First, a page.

When Yayoi Kusama’s Life is the Heart of a Rainbow exhibition opens in Singapore on June 9, 2017, it will not be the first time Singaporeans have gone dotty over her celebrated works of spotted art and experiential spaces.
Dots Obsession was the Japanese artist’s first “obliteration room” in Singapore, installed in September 2005. Brought in by curators from Ota Fine Art in Tokyo for the ARTSingapore contemporary art fair, a white cube space was covered with colourful dots and several inflatables bobbed about, delighting visitors with the visually attractive interactive artwork and its dizzying effects.
The installation was part of a worldwide outpouring of support for Kusama’s art that began in 2004. That year, her solo exhibition KUSAMATRIX at Mori Museum, Tokyo drew more than half a million visitors, while a solo at the National Museum of Modern Art, Tokyo opened in the same year, before travelling around Japan in 2005, including museums in Kyoto and Hiroshima.
The following year, Kusama made her mark on Singapore’s Orchard Road at the 2006 Singapore Biennale, dressing the tree-lined boulevard with Ascension of Polka Dots on the Trees. By this time, the connection between the artist’s popular dot motif and Singapore’s colloquial name, the Little Red Dot, was hard to miss.
Her paintings and prints made increasing appearances at major art fairs and galleries in Singapore, and as her work gained popularity with the city’s art lovers, Let’s Go to a Paradise of Glorious Tulips, a major commission of Kusama’s sculpture at the roof garden of the Orchard Central retail mall, was realised in 2009.
In 2012, the Louis Vuitton - Yayoi Kusama Concept store opened in Singapore, debuting her Infinitely Kusama fashion wear for Louis Vuitton. In what was certainly a special year for Kusuma followers, two exhibitions were held at galleries in Singapore, while a major retrospective ran at the Whitney Museum of American Art, New York.
Born in 1929 in Nagano Prefecture, Japan, Kusama had a troubled childhood in an unhappy family situation. She began to paint using polka dots and nets as motifs around age 10, making fantastic paintings in watercolours, pastels and oils.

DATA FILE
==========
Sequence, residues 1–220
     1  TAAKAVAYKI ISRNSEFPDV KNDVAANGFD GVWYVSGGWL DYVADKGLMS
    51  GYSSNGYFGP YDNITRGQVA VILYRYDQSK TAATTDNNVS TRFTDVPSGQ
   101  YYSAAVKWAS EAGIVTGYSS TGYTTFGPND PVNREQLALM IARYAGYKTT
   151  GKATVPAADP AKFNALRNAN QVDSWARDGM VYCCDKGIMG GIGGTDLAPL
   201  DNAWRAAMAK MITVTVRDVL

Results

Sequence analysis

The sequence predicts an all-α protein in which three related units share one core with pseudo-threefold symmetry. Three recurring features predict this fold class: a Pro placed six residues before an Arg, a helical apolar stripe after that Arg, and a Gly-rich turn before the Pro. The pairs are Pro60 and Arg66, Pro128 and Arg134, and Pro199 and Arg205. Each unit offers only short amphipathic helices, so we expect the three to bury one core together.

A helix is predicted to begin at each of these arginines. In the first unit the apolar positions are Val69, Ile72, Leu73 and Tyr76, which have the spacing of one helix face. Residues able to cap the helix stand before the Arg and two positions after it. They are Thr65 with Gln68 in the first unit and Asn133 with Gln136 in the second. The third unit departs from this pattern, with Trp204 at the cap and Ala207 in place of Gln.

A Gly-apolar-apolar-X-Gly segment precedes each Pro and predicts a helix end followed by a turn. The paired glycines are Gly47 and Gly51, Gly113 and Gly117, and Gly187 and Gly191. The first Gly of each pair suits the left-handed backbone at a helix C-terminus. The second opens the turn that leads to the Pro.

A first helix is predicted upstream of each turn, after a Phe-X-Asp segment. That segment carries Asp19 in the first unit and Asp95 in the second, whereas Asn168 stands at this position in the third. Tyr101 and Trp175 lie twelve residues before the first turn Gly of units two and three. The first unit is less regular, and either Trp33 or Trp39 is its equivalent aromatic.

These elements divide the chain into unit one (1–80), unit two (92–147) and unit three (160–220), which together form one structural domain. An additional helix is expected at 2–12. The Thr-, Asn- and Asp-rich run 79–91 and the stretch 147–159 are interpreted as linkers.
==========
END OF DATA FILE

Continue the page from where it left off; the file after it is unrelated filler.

Art has always been the celebrated artist’s survival system, a place for the person to work out anxiety and heal. In 1957 she left home for New York, living and working there as an artist until 1973. During this time she established her soft sculptures, apart from her large paintings, work with mirrors and lights, and her involvement and staging of happenings including body painting, fashion shows and anti-war protests. While she exhibited her work in galleries internationally, she only experienced success in Japan much later.
In 2017, the momentum that Kusama’s art has generated continues unabated. The Hirshhorn Museum and Sculpture Garden opened an exhibition of Kusama’s Infinity Mirrors, which will travel to major museums in North America, and Life is the Heart of a Rainbow will open at the National Gallery Singapore in June, in collaboration with Australia’s Queensland Art Gallery, Gallery of Modern Art.
The Singapore exhibition, held at the Singtel Special Exhibition Gallery, presents a major survey of Kusama’s life’s work, beginning with works from the 1950s till today, including her Infinity Mirrors, Nets and Pumpkin works, and even works that have never before been exhibited. With this show, Singapore can embrace the dotted craze again.